I’ve heard her called a quitter for leaving and aimless wanderer. But not all who wander are aimless, especially those who seek truth beyond tradition, beyond definition, beyond the image. – Mona Lisa Smile

(Image via Lauren Withrow)

But as an ambitious, trained competitor, focusing on yourself is always easier said than done. Just like in those damned races when I was 10, it was so hard not to look at the other lanes, compare yourself to the other swimmers and try to base THEIR progress as the reason to push yourself harder and swim faster.

Here I was, slowing down to refocus myself to a new path I was setting, and it became more and more difficult to follow that path when every single person around me was finishing that second degree, getting married or landing amazing jobs in big-named companies (friends who are reading this, don’t take this the wrong way! I am extremely happy for each and every one of you I promise!).

I struggled. I couldn’t bring myself to do what I wanted and I couldn’t bring myself to try and catch up. And just like in swimming competitions, that tends to slow you down. Obviously, of all the things I learned from swimming, not looking at the swimmers in the other lanes wasn’t my strong suit. But the reason the coaches kept telling us to focus on ourselves was because the most important person to compete with is YOU. If you could outdo YOUR limitations, if you could beat YOUR time, if you could bring yourself one step closer to goals YOU had set for yourself based on YOUR own capabilities, why did anyone else have to matter? In swimming, you would get just as high an award for beating your own time as you would if you managed to land first place. I’m starting to realize, life’s not that different.

So why is it we’re all fighting for first place now? I called myself aimless for so long and the funny part is I’m not the only one. We’re all whole bunch of aimless floaters cramming into the same boat because everyone’s too busy basing what to do next on other people.

What ever happened to doing what WE want to do and following OUR own goals and dreams? My 10 year old self reminded me of that so I’m finally doing it now. Are you?

: : : Now my eyes are wide open now that everything’s stolen and I’m here to get it back from you. See, I ain’t wasting no more time. I gotta take back what’s mine. What else am I supposed to do? : : :

— Under My Bed, Meiko —


Filed under Growing Up, Raves and Rants

To My Dear Friend Risk

Dear Risk,
Or as I like to call you, leap of faith.

(via Flickr: Claire Bear.)

You came up in conversation the other day with a friend, and I have to be honest, it wasn’t pretty. She’s worried about me, you see…worried for me and this twisted bond you and I share. She tried to convince me that you were a bad influence on me, always leading me to some kind of hurtful outcome. But, for some reason, I found myself defending you. I mean…I’ve always been the type to take the road less traveled; to not want to settle; to hunt down that so much more, even if it meant giving up comfort and security for a shot of over reaching to greater happiness. It seemed like all that was reason enough for you to be the greatest friend. I know we’ve been through so much together, but for some reason I can’t shake off that conversation. And so it got me thinking…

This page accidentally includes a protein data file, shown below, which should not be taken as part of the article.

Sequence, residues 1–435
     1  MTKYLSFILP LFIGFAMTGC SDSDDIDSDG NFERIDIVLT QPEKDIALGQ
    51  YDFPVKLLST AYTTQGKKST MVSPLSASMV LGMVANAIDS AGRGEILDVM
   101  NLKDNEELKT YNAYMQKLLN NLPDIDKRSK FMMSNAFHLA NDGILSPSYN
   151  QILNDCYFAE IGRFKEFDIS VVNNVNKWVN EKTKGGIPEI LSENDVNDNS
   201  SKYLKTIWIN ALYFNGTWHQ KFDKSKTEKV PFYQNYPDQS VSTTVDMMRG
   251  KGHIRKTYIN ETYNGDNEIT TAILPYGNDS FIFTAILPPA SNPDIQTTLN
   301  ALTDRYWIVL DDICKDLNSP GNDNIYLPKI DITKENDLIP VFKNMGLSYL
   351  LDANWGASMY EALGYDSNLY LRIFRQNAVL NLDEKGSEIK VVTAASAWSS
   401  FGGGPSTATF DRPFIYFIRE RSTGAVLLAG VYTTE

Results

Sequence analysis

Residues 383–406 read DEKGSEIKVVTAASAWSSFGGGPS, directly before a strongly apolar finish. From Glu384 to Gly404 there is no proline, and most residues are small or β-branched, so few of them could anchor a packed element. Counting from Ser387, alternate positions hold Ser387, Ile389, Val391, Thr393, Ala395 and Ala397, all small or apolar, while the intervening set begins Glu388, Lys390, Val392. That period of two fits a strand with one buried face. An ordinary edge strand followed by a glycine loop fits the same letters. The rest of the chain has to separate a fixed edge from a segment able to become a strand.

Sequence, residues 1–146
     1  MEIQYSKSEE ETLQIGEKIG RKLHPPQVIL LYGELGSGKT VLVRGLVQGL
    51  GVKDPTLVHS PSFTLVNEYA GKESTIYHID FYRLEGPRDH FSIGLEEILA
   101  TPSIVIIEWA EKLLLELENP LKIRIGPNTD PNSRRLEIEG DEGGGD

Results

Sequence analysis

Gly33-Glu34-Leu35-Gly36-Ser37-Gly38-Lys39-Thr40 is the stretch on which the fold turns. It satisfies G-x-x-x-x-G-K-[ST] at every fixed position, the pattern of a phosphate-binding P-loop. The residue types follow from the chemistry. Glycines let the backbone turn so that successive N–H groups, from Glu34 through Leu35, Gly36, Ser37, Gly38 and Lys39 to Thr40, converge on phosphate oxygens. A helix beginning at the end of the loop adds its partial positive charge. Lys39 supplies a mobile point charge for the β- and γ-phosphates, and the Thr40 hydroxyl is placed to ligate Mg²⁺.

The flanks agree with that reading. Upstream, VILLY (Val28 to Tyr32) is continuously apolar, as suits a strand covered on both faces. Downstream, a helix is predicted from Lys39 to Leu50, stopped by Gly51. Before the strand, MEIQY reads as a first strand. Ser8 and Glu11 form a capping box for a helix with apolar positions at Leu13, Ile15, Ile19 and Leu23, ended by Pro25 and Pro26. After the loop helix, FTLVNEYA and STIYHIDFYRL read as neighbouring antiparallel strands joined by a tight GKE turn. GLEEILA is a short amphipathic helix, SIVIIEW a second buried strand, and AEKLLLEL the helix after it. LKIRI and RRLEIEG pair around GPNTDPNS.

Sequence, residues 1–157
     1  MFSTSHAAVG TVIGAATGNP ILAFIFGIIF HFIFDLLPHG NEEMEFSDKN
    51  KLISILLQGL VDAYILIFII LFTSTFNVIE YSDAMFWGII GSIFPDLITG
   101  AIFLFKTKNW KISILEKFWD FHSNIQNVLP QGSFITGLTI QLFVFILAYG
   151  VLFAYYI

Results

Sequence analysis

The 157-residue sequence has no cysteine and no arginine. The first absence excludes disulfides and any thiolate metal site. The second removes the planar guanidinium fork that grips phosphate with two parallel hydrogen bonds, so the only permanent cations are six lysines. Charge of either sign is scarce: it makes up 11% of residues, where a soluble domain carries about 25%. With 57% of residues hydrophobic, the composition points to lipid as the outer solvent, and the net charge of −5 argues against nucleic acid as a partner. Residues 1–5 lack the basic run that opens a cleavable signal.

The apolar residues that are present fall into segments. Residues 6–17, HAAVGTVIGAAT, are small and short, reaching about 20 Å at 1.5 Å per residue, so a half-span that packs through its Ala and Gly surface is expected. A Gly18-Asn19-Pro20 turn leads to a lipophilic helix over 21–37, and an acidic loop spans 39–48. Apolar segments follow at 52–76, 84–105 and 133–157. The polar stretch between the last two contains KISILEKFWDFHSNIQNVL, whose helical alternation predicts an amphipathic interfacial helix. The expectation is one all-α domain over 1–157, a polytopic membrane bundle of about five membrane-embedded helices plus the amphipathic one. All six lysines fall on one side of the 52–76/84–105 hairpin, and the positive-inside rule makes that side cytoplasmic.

It’s always a game of blind trust with you isn’t it? You nudge me to put aside logic and reason, expect me to close my eyes, and give in to your realm of unpredictable outcomes. But you, my friend, are a world of riches and ruins driven by the concepts of chance and fate, convincing me constantly that it’s ok to gamble. I have yet to decide whether you’re even a good friend to me. You intercept me at my crossroads, fill my head with “what if’s” and “no regrets,” and in no time, I am holding your hand, blindly trusting again.

I guess you could say it’s my fault. After all, you’re character is really of no mystery to anyone. They say you’re inconsistent, maybe even dangerous; that you will, more often than not, lead to some kind of unpleasant or unwelcome outcome. They say it’s foolish to get carried away in the momentary freedom you make me feel when I let go of inhibitions and walk in your footsteps; that it’s better to play it safe than to follow your lead. But for some reason I can’t stop trusting you. I keep thinking maybe…just maybe if I follow you off of that cliff one last time, you’ll lead me to the greener grass on the other side. But it’s times when you lead me into thunderstorms that make me weary of relying on you. Times when you convince me to jump, but never guarantee me a safety net. Times when you leave me to free-fall into a dark abyss where you eventually hurl me into your cousin, experience. No…it’s really no fun at all.

You should know that, quite frankly, our friendship is on very thin ice. I try to give you the benefit of the doubt, understand you and see the good you can give. But this is all beginning to feel a little one-sided. So, as you’ve noticed, I’ve taken a few steps back from you. I need my space. But you don’t seem to understand because here you are again! Knocking at my door, dangling another opportunity that you swear I shouldn’t miss.